Covid-19 Made WFH More Commonplace, Employers Can Recruit Worldwide: DPM

In a global city like ours, one major issue that won’t go away is jobs and how they’re taken up by Singaporeans and foreigners.

There are some who feel that Singaporeans shouldn’t have to compete with foreigners for jobs that citizens are willing to do.

Others think that Singapore needs to be open to foreigners to survive.

Deputy Prime Minister Heng Swee Keat feels that It’s not possible to “bubble wrap” Singapore workers from foreign competition, and succeed at the same time.

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That’s because working from home (WFH) has become more commonplace now, and employers can thus hire workers from all over the world.

Singapore had no choice but to open to the world: DPM

Mr Heng said this on Friday (13 Aug), in a speech marking the National University of Singapore’s 115th anniversary (NUS115).

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He was taking part in a forum on “Shaping the Future of Singapore”, part of the NUS115 Distinguished Speaker Series.

While expounding on how the nation came to be what it is today, he also touched on how Singapore opened to the world.

Being a small country without natural resources, Singapore had no choice but to do that, Mr Heng said, adding,

We would not have succeeded if we had insulated ourselves.

Millions of graduates in Asia every year

Mr Heng also said that millions of university graduates in Asia will enter the workforce every year.

They will “add significantly to the global talent pool” in coming years, he added.

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This, coupled with the accelerating pace of technological change, means that,

The reality is that it is not possible to “bubble wrap” our workers from foreign competition and still expect to succeed.

Covid-19 has made WFH more commonplace

A reason for this, Mr Heng said, is due to Covid-19 making remote work “more commonplace”.

As more people WFH, that also means they can “work from anywhere”.

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Even more physical jobs like port crane operators can now be done remotely from a control room anywhere in the world, he added.

Foreigners can compete with us remotely

This will lead to employers finding it easier to recruit the most-skilled workers from all over the world.

Mr Heng also pointed out what some Singaporeans would think is bad news,

This means foreigners do not have to be in Singapore to compete with us.

Thus, he feels that it would be “increasingly difficult, if not impractical” to restrict job opportunities by physical geography.

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Closing our doors is ineffective: DPM

In response to this, what should Singapore do?

According to Mr Heng, what we must not do is close our doors, as that’s “ineffective”.

He’s also of the opinion that it provides a false promise of security, adding,

We must not box ourselves into a false choice.

Embrace openness, give ourselves tools to succeed: DPM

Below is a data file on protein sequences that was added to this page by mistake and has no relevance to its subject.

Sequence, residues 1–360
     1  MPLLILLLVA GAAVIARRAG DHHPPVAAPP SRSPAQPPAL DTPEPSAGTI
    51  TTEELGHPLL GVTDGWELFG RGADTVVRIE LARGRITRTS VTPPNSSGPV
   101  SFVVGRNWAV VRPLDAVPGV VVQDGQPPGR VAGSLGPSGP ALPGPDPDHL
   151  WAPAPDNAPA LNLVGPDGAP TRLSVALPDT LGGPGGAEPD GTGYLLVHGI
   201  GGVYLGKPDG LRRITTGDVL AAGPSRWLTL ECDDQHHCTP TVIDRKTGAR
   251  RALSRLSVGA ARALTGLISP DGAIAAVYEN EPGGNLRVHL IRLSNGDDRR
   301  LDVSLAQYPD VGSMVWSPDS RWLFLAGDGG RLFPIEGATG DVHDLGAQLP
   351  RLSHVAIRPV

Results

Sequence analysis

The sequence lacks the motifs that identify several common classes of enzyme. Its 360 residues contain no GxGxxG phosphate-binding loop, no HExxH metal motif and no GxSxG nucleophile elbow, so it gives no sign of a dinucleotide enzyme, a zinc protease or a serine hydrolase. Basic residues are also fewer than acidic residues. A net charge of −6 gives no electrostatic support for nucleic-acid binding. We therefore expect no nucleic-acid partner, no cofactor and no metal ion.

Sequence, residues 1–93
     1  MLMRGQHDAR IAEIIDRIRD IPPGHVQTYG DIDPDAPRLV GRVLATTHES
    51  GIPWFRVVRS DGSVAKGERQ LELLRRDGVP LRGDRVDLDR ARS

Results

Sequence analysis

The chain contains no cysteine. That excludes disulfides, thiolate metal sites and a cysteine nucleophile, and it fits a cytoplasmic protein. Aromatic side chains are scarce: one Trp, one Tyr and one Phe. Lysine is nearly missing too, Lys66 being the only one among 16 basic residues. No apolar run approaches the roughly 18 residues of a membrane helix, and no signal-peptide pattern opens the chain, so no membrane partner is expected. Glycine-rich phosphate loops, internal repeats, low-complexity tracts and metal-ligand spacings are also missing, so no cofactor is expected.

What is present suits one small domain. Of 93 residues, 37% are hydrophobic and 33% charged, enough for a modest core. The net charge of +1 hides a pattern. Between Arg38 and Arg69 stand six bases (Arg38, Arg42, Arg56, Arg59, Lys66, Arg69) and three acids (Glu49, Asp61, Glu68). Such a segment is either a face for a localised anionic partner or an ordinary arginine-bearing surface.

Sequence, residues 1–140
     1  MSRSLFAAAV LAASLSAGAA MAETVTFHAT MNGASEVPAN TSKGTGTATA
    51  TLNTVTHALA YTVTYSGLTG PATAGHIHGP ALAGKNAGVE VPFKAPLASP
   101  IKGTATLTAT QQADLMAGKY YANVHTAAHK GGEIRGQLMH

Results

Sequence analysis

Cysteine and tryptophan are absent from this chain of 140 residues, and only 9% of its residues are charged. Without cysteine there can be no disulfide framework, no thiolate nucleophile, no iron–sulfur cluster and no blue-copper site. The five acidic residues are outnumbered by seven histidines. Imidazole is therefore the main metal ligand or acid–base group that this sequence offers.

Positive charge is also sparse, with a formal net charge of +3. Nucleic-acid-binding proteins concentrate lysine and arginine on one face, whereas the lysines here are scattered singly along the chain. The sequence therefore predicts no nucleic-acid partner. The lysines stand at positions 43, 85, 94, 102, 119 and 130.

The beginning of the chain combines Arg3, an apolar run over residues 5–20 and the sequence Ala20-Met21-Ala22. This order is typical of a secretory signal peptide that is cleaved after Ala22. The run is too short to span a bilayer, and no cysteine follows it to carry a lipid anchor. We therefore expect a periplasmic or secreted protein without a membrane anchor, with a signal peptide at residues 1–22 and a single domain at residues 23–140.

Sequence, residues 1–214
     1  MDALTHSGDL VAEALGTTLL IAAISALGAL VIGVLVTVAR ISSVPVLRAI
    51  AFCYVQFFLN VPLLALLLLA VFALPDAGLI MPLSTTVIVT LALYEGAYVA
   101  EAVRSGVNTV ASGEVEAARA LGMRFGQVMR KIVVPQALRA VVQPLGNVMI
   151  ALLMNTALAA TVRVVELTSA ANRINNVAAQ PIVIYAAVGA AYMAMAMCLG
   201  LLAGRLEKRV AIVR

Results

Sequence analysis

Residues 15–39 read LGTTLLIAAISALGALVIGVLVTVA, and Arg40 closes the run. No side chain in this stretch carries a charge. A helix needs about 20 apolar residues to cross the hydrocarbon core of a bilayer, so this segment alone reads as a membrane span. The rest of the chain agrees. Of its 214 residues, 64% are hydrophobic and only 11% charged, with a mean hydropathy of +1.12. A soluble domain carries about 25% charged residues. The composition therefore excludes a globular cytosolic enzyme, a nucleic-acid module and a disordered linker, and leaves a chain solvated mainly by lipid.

Rather, instead of being wary of foreign competition, Mr Heng said we should embrace openness.

But in doing so, Singapore won’t leave our companies and people to fend for themselves.

Rather, we should give ourselves the “experience and skills to succeed”.

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To that end, Singapore’s transforming our companies and equipping our people to take on new opportunities, he said.

For example, we are:

  1. Helping companies digitalise and adapt to a post-Covid world
  2. Integrating our economic transformation efforts with research and innovation
  3. Supporting start-ups like Patsnap, Carousell and Shopback
  4. Putting greater focus on jobs and skills, e.g. with the SkillsFuture movement

2 issues Singapore must work on

However, Mr Heng also acknowledged 2 issues that Singapore has to work on:

  1. Adjusting our foreign manpower policies
  2. Strengthening our laws on fair treatment at the workplace

While this is happening, he said Singaporeans’ multicultural upbringing gives us an advantage.

He advised young Singaporeans to make the best of the new opportunities that Asia has to offer and think of how to make difference to the world.

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For that’s the best way that Singapore can continue thriving, he concluded.

You can read Mr Heng’s full speech at the Prime Minister’s Office website.

Embrace the competition & improve ourselves

Given the technological advances, most Singaporeans will agree that it’ll definitely become more and more difficult to stop foreigners from competing with us.

It’s also clear that the Government’s stand is to embrace the competition, not push back against it – and improve ourselves instead.

That’s one way to respond – whether Singaporeans are willing to do that is another question. Do share your thoughts on this issue with us.

Have news you must share? Get in touch with us via email at news@mustsharenews.com.

Featured image adapted from Facebook and LYCS Architecture @ Unsplash.